The Mission, says the Navy, targets Net surfers 15 and under. The player represents a Navy fighter pilot on the aircraft carrier USS Truman. Across the screen flashes a message that some SEALs need air support. As the player follows the game prompts, he is led to different stations on the carrier. The object is to acquaint players with the kinds of things that take place on a big-deck carrier, other than launches of high-tech aircraft and their pilots into the wild blue. There are brief encounters, for instance, with a tactical action officer who gets the air support operation up and running and an aviation storekeeper who provides equipment for aircraft. Each offers a testimonial about how exciting it is to be in the Navy. Yet all of the displays are static, and the game has no voices, just boxes with written dialogue.
In a Nutshell
Finally, two F/A-18 fighters are airborne, and the game reaches its climactic moment. The player gets to click on a button that fires a missile at two enemy fighters. When he does this, the bogeys suddenly peel away, intimidated by the Navy fighters. One of the dialogue boxes sums up the meaning of it all: "I guess those two don't want to test their fate against the highly trained Navy pilots."
The services' online games are new and targeted at teens still too young to enlist, so the Pentagon has no data to indicate whether or not they actually will help strengthen the Pentagon's recruiting performance. Military officials see hopeful signs. In January, the most recent month for which figures are available, the Stealth Force site got more than 85,000 hits, up from some 49,000 in the previous month. In January, a focus group was asked about Stealth Force, and about half of the participants said they would bookmark the site. Three-fourths said they would recommend it to a friend.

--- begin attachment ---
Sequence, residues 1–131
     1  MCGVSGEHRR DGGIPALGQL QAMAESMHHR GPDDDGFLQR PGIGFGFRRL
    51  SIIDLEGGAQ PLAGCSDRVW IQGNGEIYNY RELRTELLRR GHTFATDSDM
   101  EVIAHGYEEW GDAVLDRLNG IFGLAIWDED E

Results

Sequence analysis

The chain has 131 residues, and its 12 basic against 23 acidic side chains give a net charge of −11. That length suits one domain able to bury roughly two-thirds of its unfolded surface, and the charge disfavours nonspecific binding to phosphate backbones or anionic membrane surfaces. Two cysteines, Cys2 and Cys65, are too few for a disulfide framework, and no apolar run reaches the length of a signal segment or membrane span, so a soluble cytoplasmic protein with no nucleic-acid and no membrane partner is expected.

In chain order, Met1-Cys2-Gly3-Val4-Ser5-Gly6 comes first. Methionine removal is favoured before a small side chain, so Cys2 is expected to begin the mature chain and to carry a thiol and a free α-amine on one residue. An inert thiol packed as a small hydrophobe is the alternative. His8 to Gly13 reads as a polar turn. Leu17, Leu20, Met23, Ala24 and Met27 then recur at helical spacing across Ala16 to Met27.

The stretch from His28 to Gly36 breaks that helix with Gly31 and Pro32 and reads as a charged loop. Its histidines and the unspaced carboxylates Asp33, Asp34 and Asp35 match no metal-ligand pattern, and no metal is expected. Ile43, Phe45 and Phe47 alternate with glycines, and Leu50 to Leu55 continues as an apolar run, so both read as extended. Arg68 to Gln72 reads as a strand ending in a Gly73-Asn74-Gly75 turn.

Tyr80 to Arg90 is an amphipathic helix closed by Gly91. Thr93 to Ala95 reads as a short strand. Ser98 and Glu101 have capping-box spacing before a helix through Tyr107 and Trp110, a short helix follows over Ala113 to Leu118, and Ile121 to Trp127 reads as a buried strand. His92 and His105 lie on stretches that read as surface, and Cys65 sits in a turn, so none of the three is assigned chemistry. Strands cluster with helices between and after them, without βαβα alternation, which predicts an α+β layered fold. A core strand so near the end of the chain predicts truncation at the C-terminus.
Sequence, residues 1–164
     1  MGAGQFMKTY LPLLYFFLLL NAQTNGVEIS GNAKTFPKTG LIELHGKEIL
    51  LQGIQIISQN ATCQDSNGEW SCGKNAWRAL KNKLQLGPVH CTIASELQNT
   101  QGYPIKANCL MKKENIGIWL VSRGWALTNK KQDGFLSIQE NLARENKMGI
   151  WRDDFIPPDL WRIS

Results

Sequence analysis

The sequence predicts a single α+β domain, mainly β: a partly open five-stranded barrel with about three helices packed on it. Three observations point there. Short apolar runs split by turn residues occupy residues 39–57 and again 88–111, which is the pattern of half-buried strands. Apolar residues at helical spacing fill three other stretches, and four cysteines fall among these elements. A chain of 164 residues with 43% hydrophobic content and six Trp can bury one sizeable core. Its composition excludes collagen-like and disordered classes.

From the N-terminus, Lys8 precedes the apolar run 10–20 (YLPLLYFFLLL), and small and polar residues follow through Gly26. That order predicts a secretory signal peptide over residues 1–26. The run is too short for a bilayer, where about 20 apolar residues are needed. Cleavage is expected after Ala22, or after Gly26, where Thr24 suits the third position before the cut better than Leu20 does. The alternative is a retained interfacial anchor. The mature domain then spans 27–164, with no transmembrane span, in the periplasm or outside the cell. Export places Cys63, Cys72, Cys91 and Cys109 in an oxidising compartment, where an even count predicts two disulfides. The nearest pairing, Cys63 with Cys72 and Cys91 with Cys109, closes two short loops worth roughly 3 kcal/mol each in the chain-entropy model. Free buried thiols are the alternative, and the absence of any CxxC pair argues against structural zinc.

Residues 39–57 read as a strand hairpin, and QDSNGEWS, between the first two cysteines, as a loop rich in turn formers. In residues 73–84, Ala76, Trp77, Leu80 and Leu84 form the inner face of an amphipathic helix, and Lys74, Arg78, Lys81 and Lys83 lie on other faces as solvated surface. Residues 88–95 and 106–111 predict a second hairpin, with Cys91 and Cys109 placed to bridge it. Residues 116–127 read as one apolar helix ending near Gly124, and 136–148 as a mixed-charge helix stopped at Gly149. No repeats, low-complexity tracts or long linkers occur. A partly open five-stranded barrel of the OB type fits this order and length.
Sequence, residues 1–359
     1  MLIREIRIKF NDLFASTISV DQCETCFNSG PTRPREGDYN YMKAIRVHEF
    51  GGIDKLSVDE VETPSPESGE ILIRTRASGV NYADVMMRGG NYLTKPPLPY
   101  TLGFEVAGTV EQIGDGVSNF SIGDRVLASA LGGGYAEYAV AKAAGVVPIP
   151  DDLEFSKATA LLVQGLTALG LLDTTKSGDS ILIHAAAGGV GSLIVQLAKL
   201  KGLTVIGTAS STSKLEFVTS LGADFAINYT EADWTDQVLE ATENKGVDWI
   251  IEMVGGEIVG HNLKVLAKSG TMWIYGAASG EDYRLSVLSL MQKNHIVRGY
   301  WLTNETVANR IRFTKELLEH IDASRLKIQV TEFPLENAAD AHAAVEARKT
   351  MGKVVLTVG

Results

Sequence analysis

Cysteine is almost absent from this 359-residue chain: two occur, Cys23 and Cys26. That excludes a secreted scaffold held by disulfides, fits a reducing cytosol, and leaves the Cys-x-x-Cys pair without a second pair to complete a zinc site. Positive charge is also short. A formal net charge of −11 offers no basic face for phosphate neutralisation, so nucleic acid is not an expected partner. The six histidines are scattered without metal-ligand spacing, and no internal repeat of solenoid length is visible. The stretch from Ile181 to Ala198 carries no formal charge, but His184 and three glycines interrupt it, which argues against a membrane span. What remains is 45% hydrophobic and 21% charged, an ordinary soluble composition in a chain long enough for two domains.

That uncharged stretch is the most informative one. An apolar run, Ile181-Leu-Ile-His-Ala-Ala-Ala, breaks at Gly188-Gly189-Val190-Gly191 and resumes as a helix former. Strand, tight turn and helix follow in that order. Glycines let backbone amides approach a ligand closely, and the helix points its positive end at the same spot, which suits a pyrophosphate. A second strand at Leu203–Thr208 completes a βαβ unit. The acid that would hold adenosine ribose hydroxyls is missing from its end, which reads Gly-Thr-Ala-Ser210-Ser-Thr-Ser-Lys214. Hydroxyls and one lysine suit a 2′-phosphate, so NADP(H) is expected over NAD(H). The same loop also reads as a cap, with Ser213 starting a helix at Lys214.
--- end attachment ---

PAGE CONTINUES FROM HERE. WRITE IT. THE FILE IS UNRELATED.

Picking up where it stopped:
Overall, airforce.com each month produces names of about 5,000 persons who ask for more information about joining the Air Force and meet the service's age and educational requirements. Those names are passed on to field recruiters, who then follow the usual procedure for wooing the prospect into the service.
Those leads might prove to go a long way toward making up for stubborn recruiting shortfalls over the last two years. In 1999, the Air Force wanted to recruit 33,800 new members. It fell short by more than 1,700. This year, the service is aiming for 34,000 enlistees, but it projects it will come up 1,000 short of the goal. Actual USAF end strength is several thousand spaces below the authorized level.
"I am very concerned," says Carol A. DiBattiste, the undersecretary of the Air Force and a central figure in USAF's get-back-on-track recruiting effort. "We've declared a wartime mentality."
Recruiting problems aren't unique to the Air Force. All services are affected. The end of the 1990s military drawdown and the roaring economy have forced all of the military services to work harder to fill the ranks. Working against them is the fact that teenagers show less and less interest in joining the armed forces. Each year, the Pentagon conducts a study to determine the propensity of young Americans to serve. In 1989, at the close of the Cold War, such a propensity could be found in 17 percent of males aged 16 through 21. One decade later, that figure had fallen to only 12 percent.
Still, the Air Force's recruiting problems have lasted longer and cut deeper, compared to the other services. The Navy, for example, came up short in 1998 by 7,000 recruits and barely met its end strength last year. The Army and Marine Corps, similarly, enjoyed recent success meeting numerical end strength requirements. One underlying problem may be that the likely Air Force recruit-someone interested in a technical career and with strong academic achievement-is precisely the kind of young person in great demand in the superheated US economy. The Air Force has declared that it will not lower standards to increase numbers.